Everton Weekes, one of West Indies’ greatest batsmen, a former ICC match referee, and an ICC Hall of Famer, has passed away at the age of 95.
Weekes was born on 26 February 1925 and played 48 Tests between 1948 and 1958, scoring 4,455 runs at an average of 58.61 in that time. Of players to score more than 4,000 Test runs, only four players have maintained a higher average.
Along with Clyde Walcott and Frank Worrell, he formed part of ‘the three Ws’, a Barbados-born triumvirate who helped make West Indies a formidable side in the post-war years. Weekes was rated as the greatest batsman of the three, and holds the record for the most centuries in consecutive Test innings, scoring five hundreds in a row against England and India in 1948, his first year in Test cricket. In his next Test innings, Weekes was controversially run out for 90, 10 runs short of equalling the consecutive centuries record for all first-class cricket.
Our hearts are heavy as we mourn the loss of an icon. A legend, our hero, Sir Everton Weekes. Our condolences go out to his family, friends and many fans around the world. May he rest in peace. 🙏🏽 pic.twitter.com/RnwoJkhjPd— Windies Cricket (@windiescricket) July 1, 2020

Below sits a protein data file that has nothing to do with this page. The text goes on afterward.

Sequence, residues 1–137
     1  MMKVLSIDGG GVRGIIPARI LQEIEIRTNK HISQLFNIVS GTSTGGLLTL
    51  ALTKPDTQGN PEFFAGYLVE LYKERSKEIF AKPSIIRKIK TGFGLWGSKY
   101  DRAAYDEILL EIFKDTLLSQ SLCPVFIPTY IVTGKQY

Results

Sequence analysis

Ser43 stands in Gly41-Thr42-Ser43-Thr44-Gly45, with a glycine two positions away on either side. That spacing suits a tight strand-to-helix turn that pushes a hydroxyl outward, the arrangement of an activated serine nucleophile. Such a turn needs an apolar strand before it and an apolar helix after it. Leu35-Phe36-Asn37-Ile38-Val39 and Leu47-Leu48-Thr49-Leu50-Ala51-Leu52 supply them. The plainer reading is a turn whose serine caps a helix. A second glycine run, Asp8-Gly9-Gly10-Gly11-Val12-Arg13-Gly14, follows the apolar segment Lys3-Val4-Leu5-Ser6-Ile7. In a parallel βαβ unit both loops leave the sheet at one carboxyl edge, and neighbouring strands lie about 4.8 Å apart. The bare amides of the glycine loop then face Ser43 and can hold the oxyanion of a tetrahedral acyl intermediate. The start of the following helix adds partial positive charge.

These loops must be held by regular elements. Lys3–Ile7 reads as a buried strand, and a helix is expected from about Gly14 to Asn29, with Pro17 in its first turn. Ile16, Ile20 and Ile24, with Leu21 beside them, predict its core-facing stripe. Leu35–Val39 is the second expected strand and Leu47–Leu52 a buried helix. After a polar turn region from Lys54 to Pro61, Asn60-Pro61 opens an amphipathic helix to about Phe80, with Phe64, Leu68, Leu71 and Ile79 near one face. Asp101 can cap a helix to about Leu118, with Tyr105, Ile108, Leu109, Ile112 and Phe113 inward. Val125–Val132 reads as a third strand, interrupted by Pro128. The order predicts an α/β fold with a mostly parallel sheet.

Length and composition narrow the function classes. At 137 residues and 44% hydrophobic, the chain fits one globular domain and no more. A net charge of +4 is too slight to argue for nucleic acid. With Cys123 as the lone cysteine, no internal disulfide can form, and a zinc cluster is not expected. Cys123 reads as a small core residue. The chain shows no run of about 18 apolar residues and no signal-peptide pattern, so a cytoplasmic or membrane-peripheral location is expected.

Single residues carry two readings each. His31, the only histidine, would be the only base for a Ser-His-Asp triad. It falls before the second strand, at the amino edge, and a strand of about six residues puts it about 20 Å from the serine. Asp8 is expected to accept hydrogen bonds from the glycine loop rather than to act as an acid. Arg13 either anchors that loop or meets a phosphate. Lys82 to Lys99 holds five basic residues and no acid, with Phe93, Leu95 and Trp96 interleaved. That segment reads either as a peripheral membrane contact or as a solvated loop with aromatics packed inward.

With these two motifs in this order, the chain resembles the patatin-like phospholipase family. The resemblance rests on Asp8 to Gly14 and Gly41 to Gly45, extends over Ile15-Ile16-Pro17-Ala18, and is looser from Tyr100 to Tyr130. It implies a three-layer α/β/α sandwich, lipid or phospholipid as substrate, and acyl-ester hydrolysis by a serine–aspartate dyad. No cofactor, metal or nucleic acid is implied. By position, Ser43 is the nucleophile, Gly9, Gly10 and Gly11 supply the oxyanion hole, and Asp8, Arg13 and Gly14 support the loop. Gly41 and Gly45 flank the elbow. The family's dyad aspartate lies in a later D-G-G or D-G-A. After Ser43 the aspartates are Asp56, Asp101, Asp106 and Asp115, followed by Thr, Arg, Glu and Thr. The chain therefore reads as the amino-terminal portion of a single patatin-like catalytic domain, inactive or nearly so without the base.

After playing his last Test in 1958, Weekes served variously as a coach, administrator, and ICC match referee. He coached Canada at the 1979 Cricket World Cup, was appointed a Barbados Government Sports Officer, and also became a Justice of the Peace and served on the Barbados Police Commission. He also represented Barbados at bridge.
He was awarded a knighthood in 1995, and has had several tributes paid to him across Barbados. The Three Ws Oval at the University of the West Indies in Barbados is named after the trio of which he is a part, while the Worrell, Walcott and Weekes Stand overlooks the Kensington Oval. In 2009, he was inducted into the ICC Hall of Fame.
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